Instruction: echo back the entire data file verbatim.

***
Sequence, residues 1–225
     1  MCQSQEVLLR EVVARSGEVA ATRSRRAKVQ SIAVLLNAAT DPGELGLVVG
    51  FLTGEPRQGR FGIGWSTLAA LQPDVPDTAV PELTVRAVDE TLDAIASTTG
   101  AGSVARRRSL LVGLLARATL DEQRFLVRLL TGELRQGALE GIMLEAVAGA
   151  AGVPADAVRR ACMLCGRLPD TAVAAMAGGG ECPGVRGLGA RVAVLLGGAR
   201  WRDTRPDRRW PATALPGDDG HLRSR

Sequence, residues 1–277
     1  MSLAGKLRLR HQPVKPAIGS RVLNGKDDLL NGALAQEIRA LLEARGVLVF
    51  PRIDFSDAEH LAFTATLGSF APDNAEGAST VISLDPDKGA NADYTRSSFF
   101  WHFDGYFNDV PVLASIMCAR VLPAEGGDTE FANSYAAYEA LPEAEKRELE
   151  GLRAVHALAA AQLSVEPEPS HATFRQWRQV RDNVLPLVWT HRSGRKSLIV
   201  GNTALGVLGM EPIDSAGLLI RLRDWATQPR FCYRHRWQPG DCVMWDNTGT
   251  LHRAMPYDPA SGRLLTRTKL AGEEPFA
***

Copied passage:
Sequence, residues 1–225
     1  MCQSQEVLLR EVVARSGEVA ATRSRRAKVQ SIAVLLNAAT DPGELGLVVG
    51  FLTGEPRQGR FGIGWSTLAA LQPDVPDTAV PELTVRAVDE TLDAIASTTG
   101  AGSVARRRSL LVGLLARATL DEQRFLVRLL TGELRQGALE GIMLEAVAGA
   151  AGVPADAVRR ACMLCGRLPD TAVAAMAGGG ECPGVRGLGA RVAVLLGGAR
   201  WRDTRPDRRW PATALPGDDG HLRSR

Sequence, residues 1–277
     1  MSLAGKLRLR HQPVKPAIGS RVLNGKDDLL NGALAQEIRA LLEARGVLVF
    51  PRIDFSDAEH LAFTATLGSF APDNAEGAST VISLDPDKGA NADYTRSSFF
   101  WHFDGYFNDV PVLASIMCAR VLPAEGGDTE FANSYAAYEA LPEAEKRELE
   151  GLRAVHALAA AQLSVEPEPS HATFRQWRQV RDNVLPLVWT HRSGRKSLIV
   201  GNTALGVLGM EPIDSAGLLI RLRDWATQPR FCYRHRWQPG DCVMWDNTGT
   251  LHRAMPYDPA SGRLLTRTKL AGEEPFA